I didn’t have a plan. I had someone’s life in my hands and there was a huge audience on the beach waiting for the outcome.
I didn’t have a plan. I had someone’s life in my hands and there was a huge audience on the beach waiting for the outcome. (Photo: Jens Goerlich/Gallery Stock)

Jeff Johnson on the First Time He Saved a Life

It was 1994 and writer, director, and photographer Jeff Johnson was a lifeguard on Oahu when 30-foot waves started detonating on the reef.

I didn’t have a plan. I had someone’s life in my hands and there was a huge audience on the beach waiting for the outcome.
Jeff Johnson

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I arrived early to set up the lifeguard tower at Sunset Beach, on Oahu’s North Shore. It was 1994, my first winter season as a lifeguard. I’d made a few mellow rescues but hadn’t been involved in anything serious yet. This morning, the waves were small and clean. The water was packed with bodies. But an offshore buoy had read 17 feet at 25 seconds overnight, which meant that, in a few hours, the surf would be huge.

North Shore lifeguards used to work in teams of two. My partner for the day, Roger Erickson, showed up and, without a word, walked past me up the stairs to the tower.

“Roger,” I said, “buoy number one really jumped last night. The waves are gonna get big quick.”

He turned around, put an imaginary phone to his ear, and said, “Hello? Buoy report?” then waved me off. He proceeded to organize his things.

It wouldn’t be a stretch to say I idolized Roger, but you never knew what kind of mood he was going to be in. He joined the Marines in 1966 and was shipped to Vietnam. Returning to Southern California, he fell in with some bikers and served ten months in prison for assaulting a police officer. Roger moved to Hawaii in the early 1970s and for the next three decades paddled into some of the biggest waves ever ridden on the North Shore. We sat in the tower without talking for 45 minutes.

“Roger,” I finally said, “I still haven’t had a legit rescue. Can I get the first one today?”

He scanned the lineup through his binoculars. “You can have every damn one of ’em,” he said.

We posted “high surf” signs in the sand while the new swell quickly filled in. Soon, a set caught everyone inside. Broken boards drifted aimlessly. A cluster of surfers bobbed in the channel. We stood in the tower assessing the damage. “Here you go,” said Roger. “Take your pick.”

I paddled the 11-foot rescue board out into the channel. Most people were doing OK, but one guy was struggling. I put him on my board, and we caught some whitewater to the beach. I filled out the required paperwork and climbed back up into the tower. Sunset Beach was now completely closed out. Waves with 30-foot faces were detonating on the reef. No one was in the water.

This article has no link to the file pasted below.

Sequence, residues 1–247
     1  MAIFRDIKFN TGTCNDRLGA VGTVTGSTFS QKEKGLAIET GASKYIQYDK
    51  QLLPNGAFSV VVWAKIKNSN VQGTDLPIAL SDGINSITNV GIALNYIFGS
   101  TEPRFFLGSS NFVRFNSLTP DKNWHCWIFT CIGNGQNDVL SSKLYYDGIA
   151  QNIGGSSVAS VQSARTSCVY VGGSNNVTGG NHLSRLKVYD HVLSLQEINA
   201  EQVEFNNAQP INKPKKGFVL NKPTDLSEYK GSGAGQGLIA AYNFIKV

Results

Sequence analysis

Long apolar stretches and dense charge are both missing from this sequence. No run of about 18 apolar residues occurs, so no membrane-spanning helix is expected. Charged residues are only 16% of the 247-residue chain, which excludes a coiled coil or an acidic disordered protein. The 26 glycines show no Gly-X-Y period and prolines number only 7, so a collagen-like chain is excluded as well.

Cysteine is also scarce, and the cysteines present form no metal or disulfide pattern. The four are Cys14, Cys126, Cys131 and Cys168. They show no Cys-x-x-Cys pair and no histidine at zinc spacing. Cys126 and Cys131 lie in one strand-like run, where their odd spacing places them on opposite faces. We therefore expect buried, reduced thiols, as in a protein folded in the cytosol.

Roger scanned the ocean. “It’s not over,” he said, handing me the binos. A lone figure, about a half-mile out, was waving his arms in the air. I got butterflies.

Behind us, the traffic moving along the two-lane highway slowed to a stop. Hundreds of tourists gathered next to the tower. I stood in front of the giant shorepound, holding the rescue board upright in the sand. Sensing a lull, I ran into the water and started paddling. Almost instantly, a wave doubled up on the shallows, sucked me backwards over the falls, and sent me bouncing up the sand. I looked to the tower, where Roger was smiling and pumping his fists.

“That’s alright,” he yelled. “You got it!”

I waited for him to make the call.

“Go!” he yelled, pointing to the horizon. “Go! Go!”

I squeaked into what used to be the channel, dodging waves that seemed to come out of nowhere. Past the break zone, I found a scared teenager sitting on his board, drifting slowly toward Kauai. Mounds of whitewater obscured the beach a half-mile in.

I heard sirens racing away from us on the highway, which meant the jet ski was being hauled to Waimea for another rescue. We were on our own.

“We’re gonna have to ditch your board,” I said.

“I don’t care,” the kid said. We started paddling tandem toward the beach.

Taking a break, we sat up and watched the backs of giant peaks heave toward shore, the offshore spray casting rainbows around us. It was the type of day surfers dream about: waves as big as buildings, the sun sparkling. Then, as if the music suddenly stopped, I realized I didn’t have a plan. I had someone’s life in my hands, and there was a huge audience on the beach waiting for the outcome. But I was mostly concerned with Roger, watching from the tower.

“Listen,” I said with faked confidence, “when I say paddle, you paddle as hard as you can.” The kid nodded. I paddled us farther inside and let a few waves roll through.

“Paddle!” I yelled as another wave drew us up the face. As soon as it started to pitch, I sat up, dug my legs in, and let it pass beneath us.

“Paddle!” I yelled as the back of the wave pulled us forward. “Paddle!”

The next wave exploded behind us with a sharp, thunderous clap. I looked back. All I saw was whitewater. We were being thrashed violently in the froth. It took everything I had to keep us upright.

Finally, the wave shot us out across the flats. The kid still had his hands sealed in a death grip on the handles. We looked at each other with astonishment. I pushed him into a small wave, which he rode up the sand. The crowd cheered.

We sat beneath the tower and filled out the paperwork. “Brah,” he said, “you saved my life, you know. Thanks.”

I went into the tower and sat with Roger. He was scanning the horizon through his binos. There was a long, uncomfortable silence.

“Textbook,” he said quietly. “Textbook.”

Jeff Johnson is a photographer, director, and writer in Santa Barbara, California.

Lead Photo: Jens Goerlich/Gallery Stock